The ranch style home has many advantages and several disadvantages. You will want to understand these before you decide to build a ranch style home.

The ranch house takes up more of the lot space than a two story home for the same size home. This means that you will have less yard. Many people find this to be a disadvantage while others actually consider it an advantage. It depends on how you look at a reduced yard size. If you don’t like yard work and playing outside, then a smaller yard is an advantage. If you do like working outdoors, then it may be seen as a disadvantage. Most neighborhoods come with parks and schools close by so a sizeable yard is not needed for recreation purposes.

Another advantage of a rambler is the lack of stairs. You may not consider that an advantage now, but what if your ailing mother came to stay with you or you had a new baby. These people have trouble with stairs and it may be to your advantage to have all of the room on the same floor.

Also, a ramble is normally a rectangular or L-shape. This means most places are in close proximity. Getting around quickly is much easier in a rambler. If you want to stay away from the children for a few hours, you may consider this a disadvantage.

Another advantage of the rambler style home is that the rooms tend to be bigger and the floor plan is very airy. With the kitchen, dining room, family room and bonus room all on the same floor it can create larger rooms that join into other rooms. Some people enjoy this type of floor plan because it is easier to get more people into the house for parties and entertaining.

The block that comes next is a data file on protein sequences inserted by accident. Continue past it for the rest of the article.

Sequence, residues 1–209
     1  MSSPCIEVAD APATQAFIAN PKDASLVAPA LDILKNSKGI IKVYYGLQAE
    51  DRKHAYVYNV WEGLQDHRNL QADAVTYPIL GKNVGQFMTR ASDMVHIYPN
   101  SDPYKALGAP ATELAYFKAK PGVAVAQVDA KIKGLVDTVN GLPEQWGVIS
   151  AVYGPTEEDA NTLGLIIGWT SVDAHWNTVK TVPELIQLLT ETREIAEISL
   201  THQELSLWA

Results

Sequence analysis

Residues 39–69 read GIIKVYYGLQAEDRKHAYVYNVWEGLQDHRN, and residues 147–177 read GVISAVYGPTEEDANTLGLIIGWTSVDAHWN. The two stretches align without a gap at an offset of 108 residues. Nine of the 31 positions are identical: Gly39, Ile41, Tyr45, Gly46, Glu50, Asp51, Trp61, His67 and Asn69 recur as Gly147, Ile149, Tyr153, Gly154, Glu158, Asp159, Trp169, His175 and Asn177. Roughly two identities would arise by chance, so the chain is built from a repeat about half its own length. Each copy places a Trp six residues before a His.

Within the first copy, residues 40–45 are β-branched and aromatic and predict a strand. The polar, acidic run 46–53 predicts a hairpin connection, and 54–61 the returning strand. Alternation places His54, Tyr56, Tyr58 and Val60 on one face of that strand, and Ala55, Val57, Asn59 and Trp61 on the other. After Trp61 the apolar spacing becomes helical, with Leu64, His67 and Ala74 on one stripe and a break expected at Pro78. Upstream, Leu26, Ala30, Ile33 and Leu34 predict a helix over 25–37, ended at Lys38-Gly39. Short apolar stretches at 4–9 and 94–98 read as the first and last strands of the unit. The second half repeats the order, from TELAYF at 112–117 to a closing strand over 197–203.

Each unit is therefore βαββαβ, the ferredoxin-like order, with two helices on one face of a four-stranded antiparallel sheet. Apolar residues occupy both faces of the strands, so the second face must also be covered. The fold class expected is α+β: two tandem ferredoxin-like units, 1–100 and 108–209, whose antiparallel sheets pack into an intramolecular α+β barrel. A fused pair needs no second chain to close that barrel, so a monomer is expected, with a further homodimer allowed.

The rambler also is cheaper to build in some circumstances. As you add floors to a building you also increase the complexity and design problems. The basic rambler is very simple in design and so special materials and engineering is not needed. This allows the home to be built faster and cheaper.

This also means that maintenance is cheaper. If you have tried to wash the outside window on the second floor you will understand. Hanging siding is cheaper on a rambler and most other maintenance activities. You won’t have to own a super tall ladder for hanging Christmas lights if you only live in a one story rambler home.

Heating and cooling costs tend to be cheaper compared to other homes. You can insulate the entire roof and the air is kept on one floor. Two story homes often have multiple units to service the different floors. Heat will rise and you will have to be constantly trying to cool the upper floors or heat the bottom floor. Maintaining a single insulated floor is much easier and cheaper.

In summary, many people consider the rambler to be boring in design. Others think that it doesn’t look as nice as other homes. You will have to decide what fits you and your needs best. The rambler can have cost benefits and detractors. However, it has been very useful for years and will continue to be used for years to come.